Transmission Lines: Why We Fight

This summer, an unwanted clear-cut tore through the edge of the woods at Rick and Virginia Dorkey’s cattle farm near Bealeton, in Fauquier County.  Construction crews put up a line of gigantic metal towers on the farm, jutting far above the trees.  It’s impossible not to see them. The massive structures dominate the views across hayfields and pastures.

A shiny metal tower appears through their kitchen window.

The Dorkey’s farm was targeted for this transmission line—the 500-kV TrAIL line against which  PEC led a major fight, mobilizing intense citizen opposition—because their land had an existing power line right-of-way.  But the old line ran along 60-foot wooden poles.  The new line required an expanded right- of-way and runs on metal towers over twice as high—about 15 stories tall—with a visual impact that is simply brutal.

The towers straddle a 60 acre wetland that the Dorkeys are putting into conservation easement and its 200-foot wide right-of-way cuts into forests that buffer the wetland.

Mrs. Dorkey protests, “They say they’re only taking an acre here or two acres there.  What they’re doing is destroying my farm!”

The Dorkeys are taking their case to court, seeking fair compensation for Dominion’s seizure of the expanded right-of-way.  The effects on their property values are likely to be drastic, Mrs. Dorkey points out.  Ugly towers ruin the farm’s rural appeal, and concerns about the health effects of the line’s electromagnetic field, on both people and farm animals, will deter potential buyers.  “Who would buy this, if they could buy another farm somewhere else, without the transmission line?” she asks.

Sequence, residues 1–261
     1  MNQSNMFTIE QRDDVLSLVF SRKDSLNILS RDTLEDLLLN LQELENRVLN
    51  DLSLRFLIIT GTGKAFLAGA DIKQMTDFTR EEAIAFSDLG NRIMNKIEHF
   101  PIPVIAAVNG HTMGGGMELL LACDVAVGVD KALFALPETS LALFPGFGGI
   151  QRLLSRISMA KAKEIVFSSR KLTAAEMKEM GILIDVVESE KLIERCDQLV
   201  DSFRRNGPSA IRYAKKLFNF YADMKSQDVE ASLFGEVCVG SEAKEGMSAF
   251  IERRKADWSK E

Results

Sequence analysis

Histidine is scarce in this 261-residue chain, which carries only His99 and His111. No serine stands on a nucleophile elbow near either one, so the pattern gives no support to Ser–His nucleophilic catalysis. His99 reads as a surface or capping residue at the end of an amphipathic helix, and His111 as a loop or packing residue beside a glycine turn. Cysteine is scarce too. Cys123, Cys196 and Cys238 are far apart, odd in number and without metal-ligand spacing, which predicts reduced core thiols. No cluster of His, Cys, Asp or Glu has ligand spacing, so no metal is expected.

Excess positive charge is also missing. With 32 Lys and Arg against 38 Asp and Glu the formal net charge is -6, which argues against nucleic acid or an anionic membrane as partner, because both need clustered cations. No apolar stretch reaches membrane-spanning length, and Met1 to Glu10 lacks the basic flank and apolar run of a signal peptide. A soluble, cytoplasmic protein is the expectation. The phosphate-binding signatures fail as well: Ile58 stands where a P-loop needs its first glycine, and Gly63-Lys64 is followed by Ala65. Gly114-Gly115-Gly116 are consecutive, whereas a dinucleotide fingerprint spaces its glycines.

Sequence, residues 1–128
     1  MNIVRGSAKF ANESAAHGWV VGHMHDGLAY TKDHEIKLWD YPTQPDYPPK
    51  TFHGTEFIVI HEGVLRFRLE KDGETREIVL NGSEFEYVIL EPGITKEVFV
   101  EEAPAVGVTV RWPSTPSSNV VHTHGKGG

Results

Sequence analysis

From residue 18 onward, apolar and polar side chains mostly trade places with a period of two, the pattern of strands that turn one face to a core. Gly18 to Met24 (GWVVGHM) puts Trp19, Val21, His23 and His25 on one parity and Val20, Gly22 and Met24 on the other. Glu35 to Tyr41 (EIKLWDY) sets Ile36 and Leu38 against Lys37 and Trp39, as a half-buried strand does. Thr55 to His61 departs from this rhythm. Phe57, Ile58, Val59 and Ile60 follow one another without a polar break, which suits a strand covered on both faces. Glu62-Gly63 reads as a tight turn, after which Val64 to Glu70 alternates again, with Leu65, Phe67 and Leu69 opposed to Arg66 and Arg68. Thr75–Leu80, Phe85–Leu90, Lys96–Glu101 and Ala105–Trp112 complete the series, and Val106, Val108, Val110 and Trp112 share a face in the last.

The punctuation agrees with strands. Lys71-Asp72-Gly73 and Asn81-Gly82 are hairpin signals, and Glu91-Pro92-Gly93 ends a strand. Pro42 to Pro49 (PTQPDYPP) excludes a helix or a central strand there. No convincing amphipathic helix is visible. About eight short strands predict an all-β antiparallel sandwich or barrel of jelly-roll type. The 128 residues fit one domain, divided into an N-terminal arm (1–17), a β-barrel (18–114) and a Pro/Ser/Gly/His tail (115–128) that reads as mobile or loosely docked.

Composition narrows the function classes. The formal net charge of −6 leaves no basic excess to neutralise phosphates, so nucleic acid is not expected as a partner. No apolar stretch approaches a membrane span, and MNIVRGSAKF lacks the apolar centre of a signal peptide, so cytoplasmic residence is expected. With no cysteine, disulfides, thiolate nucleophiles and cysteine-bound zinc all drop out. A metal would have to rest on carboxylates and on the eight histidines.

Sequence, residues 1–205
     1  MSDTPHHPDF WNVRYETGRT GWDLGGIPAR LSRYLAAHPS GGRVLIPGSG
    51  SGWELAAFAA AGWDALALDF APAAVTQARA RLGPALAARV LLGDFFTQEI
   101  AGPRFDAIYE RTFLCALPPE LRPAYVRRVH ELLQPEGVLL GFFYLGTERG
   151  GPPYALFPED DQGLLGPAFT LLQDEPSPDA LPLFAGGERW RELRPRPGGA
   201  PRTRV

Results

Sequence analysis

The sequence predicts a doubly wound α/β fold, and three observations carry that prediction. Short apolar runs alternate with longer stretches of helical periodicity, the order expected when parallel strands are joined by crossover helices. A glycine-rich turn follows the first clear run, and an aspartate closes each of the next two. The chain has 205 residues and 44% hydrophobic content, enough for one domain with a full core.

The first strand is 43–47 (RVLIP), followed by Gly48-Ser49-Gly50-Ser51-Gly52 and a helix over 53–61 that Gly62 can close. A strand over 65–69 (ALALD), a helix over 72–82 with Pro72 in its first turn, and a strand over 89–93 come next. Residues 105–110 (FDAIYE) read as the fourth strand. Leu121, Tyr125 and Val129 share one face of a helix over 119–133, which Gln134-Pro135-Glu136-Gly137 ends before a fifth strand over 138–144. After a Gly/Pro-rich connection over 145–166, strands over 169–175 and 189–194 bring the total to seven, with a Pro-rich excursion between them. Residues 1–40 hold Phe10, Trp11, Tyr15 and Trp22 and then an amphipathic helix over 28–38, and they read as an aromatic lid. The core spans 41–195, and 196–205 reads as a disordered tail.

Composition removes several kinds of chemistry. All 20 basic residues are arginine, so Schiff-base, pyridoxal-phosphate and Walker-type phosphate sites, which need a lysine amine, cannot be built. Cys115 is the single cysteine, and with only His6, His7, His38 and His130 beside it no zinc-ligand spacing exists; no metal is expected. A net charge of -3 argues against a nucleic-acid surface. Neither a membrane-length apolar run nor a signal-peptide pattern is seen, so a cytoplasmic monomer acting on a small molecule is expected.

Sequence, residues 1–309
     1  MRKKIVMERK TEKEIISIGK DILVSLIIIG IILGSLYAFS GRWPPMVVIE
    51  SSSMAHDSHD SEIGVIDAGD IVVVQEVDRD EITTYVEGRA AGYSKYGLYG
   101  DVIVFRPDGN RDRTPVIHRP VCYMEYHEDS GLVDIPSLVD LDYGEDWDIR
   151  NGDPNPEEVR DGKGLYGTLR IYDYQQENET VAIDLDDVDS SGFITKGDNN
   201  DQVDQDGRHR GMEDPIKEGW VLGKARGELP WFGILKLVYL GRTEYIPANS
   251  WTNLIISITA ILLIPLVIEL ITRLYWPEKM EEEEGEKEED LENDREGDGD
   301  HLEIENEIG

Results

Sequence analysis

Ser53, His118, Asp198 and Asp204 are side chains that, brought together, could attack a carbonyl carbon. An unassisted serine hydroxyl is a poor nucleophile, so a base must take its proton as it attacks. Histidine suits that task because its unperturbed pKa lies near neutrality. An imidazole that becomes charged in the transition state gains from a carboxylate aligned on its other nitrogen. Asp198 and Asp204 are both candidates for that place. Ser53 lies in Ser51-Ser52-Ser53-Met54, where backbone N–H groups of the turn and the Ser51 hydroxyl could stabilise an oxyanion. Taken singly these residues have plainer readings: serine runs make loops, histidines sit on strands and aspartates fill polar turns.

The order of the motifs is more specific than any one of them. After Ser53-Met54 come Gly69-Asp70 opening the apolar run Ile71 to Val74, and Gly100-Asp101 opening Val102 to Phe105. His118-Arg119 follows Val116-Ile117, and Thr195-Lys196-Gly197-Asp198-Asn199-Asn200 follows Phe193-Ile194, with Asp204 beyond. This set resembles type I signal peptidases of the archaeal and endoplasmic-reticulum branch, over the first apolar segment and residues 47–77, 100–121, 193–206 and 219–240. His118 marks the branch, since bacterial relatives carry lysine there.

At least they have recourse, Mrs. Dorkey points out.  The line harms their neighbors, as well, by mangling formerly pastoral views, but Dominion has no intention of compensating landowners unless the line crosses directly over their property.

Nor will communities along the line’s path—through the Shenandoah Valley, over the Blue Ridge Mountains and across Rappahannock, Culpeper, Fauquier and Loudoun Counties—be reimbursed for damage done to resources of benefit to the public.  The line harms watersheds through loss of tree cover and potential use of herbicides to clear the right-of-way.  It slashes through wildlife habitat and creates inroads for invasive species.  It erects jarringly industrial structures over historic landscapes, and intrudes on views from country roads, public parks and the Rappahannock River, a State Scenic River.

This is why PEC led such a vigorous fight against the TrAIL line and why we continue to take a stand against a barrage of transmission line proposals that could impact the Piedmont.

“What we can see on the ground as TrAIL goes up reinforces the need for citizen involvement,” says PEC President Chris Miller.  “This is what happens when utility companies choose our future.”

To view more images of TrAIL (or to share your own), visit our TrAIL Flickr Group.